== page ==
The implications of rapid testing for NHS workers

by Mark Coley

It’s important to think through the implications of what will happen if you receive a positive test result

Location: UK
Last reviewed: 26 November 2020

You may have heard in the news that twice-weekly rapid testing is due to roll out for those who work in the NHS.

The lateral flow tests from Innova are currently being piloted in Liverpool.

Their use is controversial. An editorial in The BMJ warns that if the screening criteria drawn up by the UK National Screening Committee are used as a benchmark then the current programme ‘does not do well and has been already roundly criticised’.

This testing is due to be rolled out to NHS workers, including those in primary care.

The tests will be voluntary but if any results are positive the worker will have to isolate (for 10 days), along with their family (for two weeks or longer if symptoms develop during that time period).

A confirmatory PCR test should be arranged for each worker that tests positive, and should this then prove negative the worker (and family) will be released from the need to isolate.

If the doctor is in a contract of employment the expectation is that special leave will be given to allow for the period of isolation so there will be no financial loss to the doctor.

If remote working is possible then this should be arranged, though difficulties may arise if there are dependents at home who need looking after due to the need for the whole household to isolate.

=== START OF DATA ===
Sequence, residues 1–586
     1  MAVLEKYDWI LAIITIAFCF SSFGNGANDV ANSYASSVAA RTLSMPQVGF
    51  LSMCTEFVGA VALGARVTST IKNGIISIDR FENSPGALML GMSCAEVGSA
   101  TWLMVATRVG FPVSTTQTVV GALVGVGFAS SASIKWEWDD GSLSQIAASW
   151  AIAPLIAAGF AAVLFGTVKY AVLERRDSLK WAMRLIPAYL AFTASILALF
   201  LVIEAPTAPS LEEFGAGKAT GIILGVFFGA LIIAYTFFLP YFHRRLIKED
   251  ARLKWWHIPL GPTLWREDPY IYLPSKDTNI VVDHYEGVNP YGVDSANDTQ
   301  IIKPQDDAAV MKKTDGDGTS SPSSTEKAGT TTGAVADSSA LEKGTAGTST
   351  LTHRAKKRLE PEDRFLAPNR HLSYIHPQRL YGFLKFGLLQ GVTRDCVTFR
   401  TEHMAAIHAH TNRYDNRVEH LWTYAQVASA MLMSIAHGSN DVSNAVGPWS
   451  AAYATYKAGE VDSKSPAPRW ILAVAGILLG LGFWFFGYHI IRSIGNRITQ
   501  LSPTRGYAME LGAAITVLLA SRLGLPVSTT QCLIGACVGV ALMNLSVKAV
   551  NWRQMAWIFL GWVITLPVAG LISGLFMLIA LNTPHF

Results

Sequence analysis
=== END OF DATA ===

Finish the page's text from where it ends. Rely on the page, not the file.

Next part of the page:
The situation gets more difficult for self-employed locum doctors and those with portfolio roles as they may be unable to fulfil existing work commitments if they are obliged to isolate, with the subsequent loss of income.

Practices may be able to offer remote working, but the logistics of arranging this at short notice might be difficult if it were to involve the need for specific hardware for each booked session.

The partners at one practice I work at initially welcomed the idea of these tests, but when it became clear what the implications might be should an asymptomatic worker test positive (and perhaps continue to remain asymptomatic), potentially losing income, their opinion changed, especially as the workplace is already deemed COVID secure.

It seems the Government wants to further suppress the spread of COVID-19 using new technologies but are leaving the financial burden at the feet of those with the positive tests.

Before volunteering for any test, you may wish to consider the consequences (financial and otherwise in terms of the need to isolate) and talk these through with those who engage you and who are offering you the tests.

We all want a return to normality but strategies to achieve this should be evidence-based and fair.

Mark Coley is a member of the BMA sessional GPs committee